In this week’s installment of our recurring series bringing you the history of Princeton University and its faculty, students, and alumni, Chinese students come together, dogs are banned on campus, and more.
August 26, 1933—To commemorate the 150th anniversary of Continental Congress formally thanking George Washington for his conduct in the Revolutionary War, Nassau Hall is fully illuminated, a throwback to when students used to light each window with a candle to celebrate significant days.
August 27, 1779—The adjutant-general of the Continental Army authorizes Thomas Bradford, Deputy Commissary of Prisoners, to deliver “to the Reverend Dr. Witherspoon, two prisoners of war of the 71st British regiment, to labour for him at Princeton…”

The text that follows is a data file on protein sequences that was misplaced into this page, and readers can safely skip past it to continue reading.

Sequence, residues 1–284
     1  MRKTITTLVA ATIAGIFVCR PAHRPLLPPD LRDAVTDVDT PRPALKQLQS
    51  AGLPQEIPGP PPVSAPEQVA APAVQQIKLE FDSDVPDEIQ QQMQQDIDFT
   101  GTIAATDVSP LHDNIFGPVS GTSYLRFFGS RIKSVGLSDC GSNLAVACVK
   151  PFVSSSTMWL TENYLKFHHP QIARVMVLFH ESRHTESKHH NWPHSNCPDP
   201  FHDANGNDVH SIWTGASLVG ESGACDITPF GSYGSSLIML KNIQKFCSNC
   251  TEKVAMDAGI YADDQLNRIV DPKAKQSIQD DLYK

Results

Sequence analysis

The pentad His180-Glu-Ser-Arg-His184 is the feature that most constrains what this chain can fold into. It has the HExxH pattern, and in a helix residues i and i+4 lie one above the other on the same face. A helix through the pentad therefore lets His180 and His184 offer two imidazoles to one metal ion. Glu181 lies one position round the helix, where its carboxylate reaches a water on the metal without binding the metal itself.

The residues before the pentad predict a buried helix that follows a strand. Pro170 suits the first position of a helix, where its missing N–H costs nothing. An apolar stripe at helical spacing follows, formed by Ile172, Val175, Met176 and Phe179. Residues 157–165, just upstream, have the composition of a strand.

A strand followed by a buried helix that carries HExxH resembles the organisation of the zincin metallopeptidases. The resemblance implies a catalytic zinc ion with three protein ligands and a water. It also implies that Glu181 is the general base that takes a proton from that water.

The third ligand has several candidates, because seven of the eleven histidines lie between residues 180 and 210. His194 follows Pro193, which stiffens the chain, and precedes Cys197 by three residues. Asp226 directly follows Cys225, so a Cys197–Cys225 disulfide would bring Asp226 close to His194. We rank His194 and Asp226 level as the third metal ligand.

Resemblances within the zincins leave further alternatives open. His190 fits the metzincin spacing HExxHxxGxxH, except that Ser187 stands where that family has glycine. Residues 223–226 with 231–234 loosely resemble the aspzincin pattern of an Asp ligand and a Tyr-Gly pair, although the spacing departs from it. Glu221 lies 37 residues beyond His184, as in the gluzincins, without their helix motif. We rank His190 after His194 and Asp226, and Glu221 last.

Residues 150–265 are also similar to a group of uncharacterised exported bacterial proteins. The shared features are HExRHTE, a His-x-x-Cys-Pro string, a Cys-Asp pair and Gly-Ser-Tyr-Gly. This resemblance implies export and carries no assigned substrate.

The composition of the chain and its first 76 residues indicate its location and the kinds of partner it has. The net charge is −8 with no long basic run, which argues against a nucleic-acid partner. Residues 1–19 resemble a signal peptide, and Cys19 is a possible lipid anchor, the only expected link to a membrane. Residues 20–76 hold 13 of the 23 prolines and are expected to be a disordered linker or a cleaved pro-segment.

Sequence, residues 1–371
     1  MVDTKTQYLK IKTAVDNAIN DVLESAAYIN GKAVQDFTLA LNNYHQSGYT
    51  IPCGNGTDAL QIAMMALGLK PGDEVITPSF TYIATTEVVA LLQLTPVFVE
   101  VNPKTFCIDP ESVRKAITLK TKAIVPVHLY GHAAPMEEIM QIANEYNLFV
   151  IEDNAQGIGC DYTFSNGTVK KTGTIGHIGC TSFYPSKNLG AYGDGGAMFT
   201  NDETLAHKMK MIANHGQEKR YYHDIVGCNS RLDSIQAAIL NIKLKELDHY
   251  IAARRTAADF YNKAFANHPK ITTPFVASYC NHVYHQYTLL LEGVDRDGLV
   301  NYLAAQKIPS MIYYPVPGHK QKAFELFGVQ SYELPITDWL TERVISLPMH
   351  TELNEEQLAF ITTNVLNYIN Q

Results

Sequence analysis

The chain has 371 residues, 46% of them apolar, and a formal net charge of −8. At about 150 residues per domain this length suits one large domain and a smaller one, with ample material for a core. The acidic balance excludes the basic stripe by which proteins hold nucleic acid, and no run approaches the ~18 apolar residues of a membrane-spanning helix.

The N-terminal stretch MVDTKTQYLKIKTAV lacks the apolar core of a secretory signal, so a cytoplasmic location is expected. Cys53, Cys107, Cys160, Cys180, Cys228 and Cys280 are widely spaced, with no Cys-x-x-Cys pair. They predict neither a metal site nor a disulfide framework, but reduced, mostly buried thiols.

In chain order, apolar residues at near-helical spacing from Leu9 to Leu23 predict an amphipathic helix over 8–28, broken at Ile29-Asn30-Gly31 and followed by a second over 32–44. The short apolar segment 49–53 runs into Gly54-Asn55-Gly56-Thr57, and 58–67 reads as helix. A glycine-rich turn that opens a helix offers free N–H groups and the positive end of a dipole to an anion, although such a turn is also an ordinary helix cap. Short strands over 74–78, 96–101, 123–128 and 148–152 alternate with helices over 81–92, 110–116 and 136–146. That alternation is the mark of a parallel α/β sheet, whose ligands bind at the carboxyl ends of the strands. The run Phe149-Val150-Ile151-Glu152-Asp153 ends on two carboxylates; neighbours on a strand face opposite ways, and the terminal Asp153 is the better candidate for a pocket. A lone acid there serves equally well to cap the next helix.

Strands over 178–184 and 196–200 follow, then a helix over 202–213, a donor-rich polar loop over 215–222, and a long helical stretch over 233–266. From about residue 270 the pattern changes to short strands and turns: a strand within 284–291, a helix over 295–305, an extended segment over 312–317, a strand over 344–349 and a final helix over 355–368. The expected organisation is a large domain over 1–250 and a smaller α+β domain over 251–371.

August 30, 1911—The seventh annual conference of the Chinese Students’ Alliance of the Eastern States concludes its meetings at Princeton with words of encouragement from John Grier Hibben.
September 1, 1976—A ban on dogs on campus takes effect, but is challenging to enforce.
For the previous installment in this series, click here.
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One response to “This Week in Princeton History for August 26-September 1”
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